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Experts reject BMA stance on vaping

BMA policy may undermine stop smoking efforts

Adrian O'Dowd

Monday, 27 June 2016

Tobacco control experts have warned that the BMA’s policy on electronic (e) cigarettes may undermine efforts to persuade people to stop smoking.

At last week’s BMA annual conference held in Belfast, delegates voted for a motion that called for a ban on e-cigarettes in enclosed public places such as shops, bars, restaurants, museums and schools.

The argument was that such a ban on e-cigarettes would avoid the risk of “passive vaping” because there was some evidence of second-hand vaping, particularly at people’s homes and although use of the devices was around 95% safer than smoking tobacco, they still polluted the air with harmful chemicals.

In a letter published in The Times newspaper at the weekend, four leading tobacco control experts criticised the BMA’s stance, saying it could have a detrimental effect.

“The BMA’s motion to prohibit e-cigarette use in enclosed public places may undermine smokers’ attempts to quit,” said the letter, signed by Ann McNeill, professor of tobacco addiction at Kings College London, Linda Bauld, professor of health policy at University of Stirling, Peter Hajek, professor of clinical psychology at Queen Mary, University of London, and John Britton, professor of epidemiology at University of Nottingham.

“When we ended smoking in enclosed public places in Britain, this was on the very strong evidence of harm to bystanders. There is no comparable evidence of harm from e-cigarette exposure.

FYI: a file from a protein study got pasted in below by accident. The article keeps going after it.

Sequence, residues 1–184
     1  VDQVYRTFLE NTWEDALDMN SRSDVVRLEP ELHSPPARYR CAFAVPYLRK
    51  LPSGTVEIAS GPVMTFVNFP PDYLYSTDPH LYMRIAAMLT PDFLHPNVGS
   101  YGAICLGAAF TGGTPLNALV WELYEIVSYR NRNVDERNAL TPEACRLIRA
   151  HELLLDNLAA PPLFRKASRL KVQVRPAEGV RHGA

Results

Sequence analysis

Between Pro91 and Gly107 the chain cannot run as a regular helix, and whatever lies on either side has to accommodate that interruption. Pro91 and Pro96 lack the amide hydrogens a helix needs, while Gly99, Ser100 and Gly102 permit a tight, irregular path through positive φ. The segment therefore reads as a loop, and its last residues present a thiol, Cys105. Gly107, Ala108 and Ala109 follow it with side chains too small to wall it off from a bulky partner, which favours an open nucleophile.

“Treating e-cigarette use and smoking similarly will foster the growing, mistaken and harmful impression that e-cigarettes are as dangerous as smoking, which deters smokers from using them.”

E-cigarettes were now the most popular form of smoking cessation tools in the UK, they added, and statistics showed that half of users of these devices were ex-smokers.

“The health community should maximise the chances that remaining smokers will quit also,” they concluded.

The BMA’s stance is also at odds with Public Health England, which recommends use of e-cigarettes for smokers trying to quit tobacco.  

During his keynote speech at the BMA’s annual conference, BMA council chair Mark Porter warned about the impact of cuts to public health budgets, including money for smoking cessation services.

“The government said it wouldn't cut health spending in real terms,” he told the conference. “But it took £200 million from the public health budget by saying that promise only applied to the NHS, having put public health outside it.

“We've looked into what that budget actually pays for. A successful smoking cessation service in the north-east is now under threat. In Brighton, the council says cuts to sexual health may lead to increased HIV prevalence. In Leicestershire, in Somerset, in east London, in Surrey and in Darlington, we have found similar stories. You can't trade a public health policy for an e-cigarette and crossed fingers.”

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